Author: Will Butterworth, Frequent Contributor
“Sport has the power to change the world. It has the power to inspire. It has the power to unite people in a way that little else does. It speaks to youth in a language they understand. Sport can create hope where once there was only despair. It is more powerful than government in breaking down racial barriers. It laughs in the face of all kinds of discrimination.” – Nelson Mandela, May 25, 2000
One of the most iconic photos of Nelson Mandela in his lifetime is the picture of him, in a Springboks jersey, handing the Webb Ellis Cup to the captain of the South African captain Francois Pienaar after they had won the 1995 Rugby World Cup on home-soil. Mandela saw the opportunity to use sport as a tool to unite a divided nation. Rugby itself had been a source of division. During the Apartheid era, black South Africans would cheer whoever was playing against South Africa. Rugby was a white man’s sport and for many a symbol of Apartheid South Africa. In 1995, the Springboks only had one black player in the entire squad. But Mandela set off on the notion that “the Boks belonged to all of us now”. He had meetings with the captain and got them to sing the new national anthem. And in the end when they won the World Cup in Johannesburg, the sport had united a country in a way little else could have done. It was a symbol of reconciliation in a deeply divided country and it demonstrated the power of sport to bring people together.
In 2016, a year when politics has been so divisive, sport and in particular sporting miracles has shown its power to unite.
This has been the year of the underdog. Leicester City, 5,000-1 outsiders, won the English Premier League, the Chicago Cubs won the Baseball World Series for the first time in 108 years, and the Irish rugby team beat New Zealand for the first time in their 111-year history. To put those achievements into perspective, the odds of the Pope playing professional football for Rangers was 4,000 to 1, there were only 1.7 billion people on the planet when the Cubs last won the World Series, and Ireland had not beaten New Zealand in 28 matches, conceding over 800 points in the process.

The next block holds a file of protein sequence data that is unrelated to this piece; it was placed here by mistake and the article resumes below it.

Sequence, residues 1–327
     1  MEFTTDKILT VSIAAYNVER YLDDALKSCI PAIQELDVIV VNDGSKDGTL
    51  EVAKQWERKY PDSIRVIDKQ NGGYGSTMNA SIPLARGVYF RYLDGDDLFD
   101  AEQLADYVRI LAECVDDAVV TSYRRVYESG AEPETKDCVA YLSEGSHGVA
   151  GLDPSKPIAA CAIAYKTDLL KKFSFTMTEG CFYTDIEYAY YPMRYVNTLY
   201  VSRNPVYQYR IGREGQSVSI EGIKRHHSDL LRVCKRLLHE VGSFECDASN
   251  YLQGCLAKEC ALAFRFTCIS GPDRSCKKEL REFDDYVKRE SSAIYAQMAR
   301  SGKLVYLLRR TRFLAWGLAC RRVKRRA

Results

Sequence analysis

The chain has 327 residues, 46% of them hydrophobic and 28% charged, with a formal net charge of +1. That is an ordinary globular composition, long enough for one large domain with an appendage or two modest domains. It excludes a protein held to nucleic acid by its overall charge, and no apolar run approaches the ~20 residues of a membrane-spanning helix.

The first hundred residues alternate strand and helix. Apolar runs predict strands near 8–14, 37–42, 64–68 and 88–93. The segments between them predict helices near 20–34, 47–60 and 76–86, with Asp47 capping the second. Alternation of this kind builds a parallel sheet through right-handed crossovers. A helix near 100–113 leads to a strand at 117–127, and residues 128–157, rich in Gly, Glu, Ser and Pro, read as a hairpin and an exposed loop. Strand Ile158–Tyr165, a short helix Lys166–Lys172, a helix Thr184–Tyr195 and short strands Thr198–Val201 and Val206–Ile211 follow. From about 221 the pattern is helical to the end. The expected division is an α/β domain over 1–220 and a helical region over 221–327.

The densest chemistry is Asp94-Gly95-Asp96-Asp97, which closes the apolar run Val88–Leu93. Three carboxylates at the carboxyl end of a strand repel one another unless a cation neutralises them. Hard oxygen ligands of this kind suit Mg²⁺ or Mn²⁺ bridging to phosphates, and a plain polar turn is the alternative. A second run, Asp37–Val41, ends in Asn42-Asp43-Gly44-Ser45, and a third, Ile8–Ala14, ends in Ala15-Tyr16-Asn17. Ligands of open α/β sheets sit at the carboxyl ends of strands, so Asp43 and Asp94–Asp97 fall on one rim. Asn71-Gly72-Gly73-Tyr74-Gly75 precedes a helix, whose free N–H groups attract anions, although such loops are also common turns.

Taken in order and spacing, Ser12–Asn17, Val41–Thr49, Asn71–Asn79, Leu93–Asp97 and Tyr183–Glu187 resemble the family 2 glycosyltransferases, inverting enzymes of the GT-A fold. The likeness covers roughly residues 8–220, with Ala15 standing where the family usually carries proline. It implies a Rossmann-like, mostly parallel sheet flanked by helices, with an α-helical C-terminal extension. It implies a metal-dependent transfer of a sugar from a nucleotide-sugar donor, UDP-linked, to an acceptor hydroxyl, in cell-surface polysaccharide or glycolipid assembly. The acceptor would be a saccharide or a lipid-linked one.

These miracles have united hugely people in divisive times and in divided places. For example, Leicester is hugely diverse. It narrowly missed out on becoming the first city in the UK to have a white minority population in the 2011 census. Yet it was united by an unlikely triumph with over 200,000 turning up for its Parade. In Chicago, this year there have been an average of 82 homicides a week. However, sport united the city, at least momentarily, as millions turned out for the Cubs parade after their World Series win.
What I think all this shows is the power of sport. Sport is at its most powerful when a team triumphs against all odds. No other vehicle is as effective at breaking down barriers or getting people to be united within such diversity. I think this also particularly pertinent in current political times. No matter who you support or what you believe in, it is hard to ignore the divide in modern politics. Whilst I am not trying to say that sport will be a solution to all that is wrong in the world, it does have a power to speak to everyone, young or old, rich or poor in a way politicians cannot.